The name, Unity Park, represents the efforts the city has made toward creating a welcoming and diverse community open to all cultures and ethnicities. Future plans include the installation of a memorial wall to remember and honor the African Americans who lived in Ocoee during the 1920 Election Day Massacre. The wall will list the names of the 263 black residents who were killed, injured, driven from their homes and had their property taken from them on November 2, 1920. The memorial wall will give residents and visitors an opportunity to reflect and remember the men, women and children who once called Ocoee home.
At the heart of downtown, the park will help improve the overall general well-being of the community by inviting people to take an outdoor stroll through an attractive green space. Accessible to the public via lighted boardwalk that circles the artificial wetland along a quarter mile track that will connect to the City of Ocoee’s Master Trail Plan, Unity Park provides benefits for both physical and mental health by reducing stress and feelings of depression and anxiety, as urban green spaces have been proven to do.
Embodying the beauty of Central Florida, the park has natural landscaping with 100 percent plants native to Florida. By imitating nature, the park provides a peaceful retreat for local wildlife while requiring less maintenance. The use of native plants is a practice in sustainability by reducing the need for excess watering and fertilization because they are already adapted to the local climate. This protects our aquifer from excess water depletion and our lakes from excess nutrients. Dozens of native trees cover the parkland including Slash Pine, Florida Red Maple, American Sweet Gum, Sothern Live Oak and Autumn Gold Bald Cypress. Find your favorite tree and take a break in its shade!
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The 5-acre park can store 12.6 acre-ft, or 4.1 million gallons, of stormwater from 41.7-acres of Ocoee’s downtown district. Divided into three distinct sections, the park will provide water quality enhancements for Starke Lake and help increase the City’s flood resiliency.
A stream meanders gracefully along the south side of the park, pooling at three strategically placed weirs to promote settling of large particulate matter such as dirt and dust as well as organic matter like sticks and leaves, clarifying the water before it continues its journey to Starke Lake.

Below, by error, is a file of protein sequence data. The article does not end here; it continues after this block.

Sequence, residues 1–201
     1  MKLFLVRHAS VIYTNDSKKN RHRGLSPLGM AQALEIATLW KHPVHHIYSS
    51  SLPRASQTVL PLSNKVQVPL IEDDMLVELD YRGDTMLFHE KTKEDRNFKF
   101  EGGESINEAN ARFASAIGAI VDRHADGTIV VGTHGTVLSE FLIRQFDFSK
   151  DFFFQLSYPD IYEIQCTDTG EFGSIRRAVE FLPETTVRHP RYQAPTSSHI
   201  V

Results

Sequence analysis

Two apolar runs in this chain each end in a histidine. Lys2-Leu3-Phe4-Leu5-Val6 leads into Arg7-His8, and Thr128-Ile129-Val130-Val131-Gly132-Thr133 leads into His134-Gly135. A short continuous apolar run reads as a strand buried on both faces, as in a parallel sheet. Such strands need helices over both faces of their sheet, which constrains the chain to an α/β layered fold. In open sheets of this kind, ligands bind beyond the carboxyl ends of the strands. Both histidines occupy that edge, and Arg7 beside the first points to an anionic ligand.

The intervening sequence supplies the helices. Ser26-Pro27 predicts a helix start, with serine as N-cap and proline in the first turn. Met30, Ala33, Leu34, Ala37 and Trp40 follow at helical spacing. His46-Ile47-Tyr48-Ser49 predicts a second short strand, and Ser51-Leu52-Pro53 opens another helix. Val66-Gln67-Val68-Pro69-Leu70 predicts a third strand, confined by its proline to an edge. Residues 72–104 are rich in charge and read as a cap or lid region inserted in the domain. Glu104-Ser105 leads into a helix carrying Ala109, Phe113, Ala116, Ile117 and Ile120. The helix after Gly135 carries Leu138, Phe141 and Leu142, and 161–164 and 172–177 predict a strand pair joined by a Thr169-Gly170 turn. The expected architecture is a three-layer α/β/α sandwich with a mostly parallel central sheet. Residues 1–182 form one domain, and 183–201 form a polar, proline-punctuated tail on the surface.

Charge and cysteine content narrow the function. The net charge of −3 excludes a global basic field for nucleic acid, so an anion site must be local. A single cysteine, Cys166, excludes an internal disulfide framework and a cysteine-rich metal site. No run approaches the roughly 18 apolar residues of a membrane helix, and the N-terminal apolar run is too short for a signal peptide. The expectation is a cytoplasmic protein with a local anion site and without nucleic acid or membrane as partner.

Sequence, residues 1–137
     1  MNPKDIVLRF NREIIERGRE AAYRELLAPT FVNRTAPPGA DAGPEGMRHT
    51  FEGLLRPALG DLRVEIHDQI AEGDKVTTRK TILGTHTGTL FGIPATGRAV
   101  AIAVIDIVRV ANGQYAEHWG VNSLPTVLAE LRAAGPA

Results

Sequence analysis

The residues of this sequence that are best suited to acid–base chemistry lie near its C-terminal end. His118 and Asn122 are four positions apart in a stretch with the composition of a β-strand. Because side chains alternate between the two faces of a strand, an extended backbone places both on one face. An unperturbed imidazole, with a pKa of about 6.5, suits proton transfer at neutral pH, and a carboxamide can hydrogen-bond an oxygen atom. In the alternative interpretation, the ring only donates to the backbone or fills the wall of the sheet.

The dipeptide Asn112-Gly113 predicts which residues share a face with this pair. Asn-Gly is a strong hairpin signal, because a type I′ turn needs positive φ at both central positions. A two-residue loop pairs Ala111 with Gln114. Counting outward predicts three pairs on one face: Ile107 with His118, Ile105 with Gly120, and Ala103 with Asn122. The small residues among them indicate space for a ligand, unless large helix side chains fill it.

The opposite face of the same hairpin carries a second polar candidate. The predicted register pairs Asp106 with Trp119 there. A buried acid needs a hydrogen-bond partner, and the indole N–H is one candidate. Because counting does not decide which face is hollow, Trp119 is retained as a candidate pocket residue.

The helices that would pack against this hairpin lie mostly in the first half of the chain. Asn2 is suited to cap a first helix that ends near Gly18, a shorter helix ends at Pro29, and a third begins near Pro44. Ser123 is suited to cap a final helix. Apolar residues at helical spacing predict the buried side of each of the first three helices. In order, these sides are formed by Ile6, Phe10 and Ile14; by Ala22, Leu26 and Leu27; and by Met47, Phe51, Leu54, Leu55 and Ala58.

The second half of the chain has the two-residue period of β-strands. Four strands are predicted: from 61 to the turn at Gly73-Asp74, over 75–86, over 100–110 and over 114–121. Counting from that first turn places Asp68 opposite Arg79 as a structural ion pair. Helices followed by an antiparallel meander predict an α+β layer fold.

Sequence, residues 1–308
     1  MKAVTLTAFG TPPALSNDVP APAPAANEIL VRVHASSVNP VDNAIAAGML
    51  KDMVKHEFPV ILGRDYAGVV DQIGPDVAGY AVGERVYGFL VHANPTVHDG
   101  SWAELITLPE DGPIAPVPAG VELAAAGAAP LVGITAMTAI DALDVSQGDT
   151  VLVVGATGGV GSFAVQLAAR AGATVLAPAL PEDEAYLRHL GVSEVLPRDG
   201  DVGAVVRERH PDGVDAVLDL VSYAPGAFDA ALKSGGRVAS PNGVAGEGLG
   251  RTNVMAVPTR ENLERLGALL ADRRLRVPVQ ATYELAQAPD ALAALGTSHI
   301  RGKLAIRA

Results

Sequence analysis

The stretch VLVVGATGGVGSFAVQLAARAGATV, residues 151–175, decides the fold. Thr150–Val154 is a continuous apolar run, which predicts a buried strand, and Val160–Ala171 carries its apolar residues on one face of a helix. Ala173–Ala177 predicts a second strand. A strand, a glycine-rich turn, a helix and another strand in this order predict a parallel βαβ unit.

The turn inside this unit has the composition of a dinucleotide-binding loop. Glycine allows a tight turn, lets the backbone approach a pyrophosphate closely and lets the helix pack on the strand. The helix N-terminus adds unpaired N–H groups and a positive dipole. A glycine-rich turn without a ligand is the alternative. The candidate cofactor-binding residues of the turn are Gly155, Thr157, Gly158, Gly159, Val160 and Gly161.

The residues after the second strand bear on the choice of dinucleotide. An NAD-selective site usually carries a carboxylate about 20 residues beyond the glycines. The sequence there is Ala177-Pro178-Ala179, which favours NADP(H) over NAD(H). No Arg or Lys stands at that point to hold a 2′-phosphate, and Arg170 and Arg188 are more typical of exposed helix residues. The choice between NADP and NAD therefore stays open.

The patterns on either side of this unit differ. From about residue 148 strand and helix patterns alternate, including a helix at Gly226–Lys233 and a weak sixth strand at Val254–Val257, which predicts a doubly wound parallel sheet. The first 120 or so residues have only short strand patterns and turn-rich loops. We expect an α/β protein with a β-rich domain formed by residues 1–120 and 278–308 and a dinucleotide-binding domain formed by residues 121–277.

An enhanced wetland in the center of the park captures floatables and treats stormwater runoff by removing nutrients from the water that promotes plant growth, including algae. The park was designed to remove 4.7-kg of nitrogen and 1.4-kg of phosphorus a year. This helps keep the City’s chain of lakes, Lake Starke, Lake Prima Vista, and Lake Olympia, clean, fighting the harmful algae blooms that have plagued the lakes. The presence of the enhanced wetland, and the reduction in algal blooms, leads to an increase in biodiversity in the area, improving the environmental health of Ocoee’s downtown, drawing wildlife enthusiasts, residents, and business into the City’s center.
The large pond on the north side is the dominating feature of the park and provides a place for rainwater to flow and collect away from the streets and buildings of downtown. If you look closely, you might be able to identify some stormwater structures that act as bubble-up or cascading features; these are in place in the event of a severe storm to allow water to safely overflow the pond and join the stream to the Lake to reduce the risk of flooding. The enhanced storage capacity of the park lowers the base flood elevation of the downtown drainage area by approximately 2-ft, reducing the risk of flood, property damage, and loss of life due to flood. The increased flood resiliency lowers the cost of flood insurance for downtown residents and business owners alike. With the floodplain lowered, and excess stormwater storage accounted for, more land is available for safe development by local retailers and restaurants to help create a more inviting downtown atmosphere.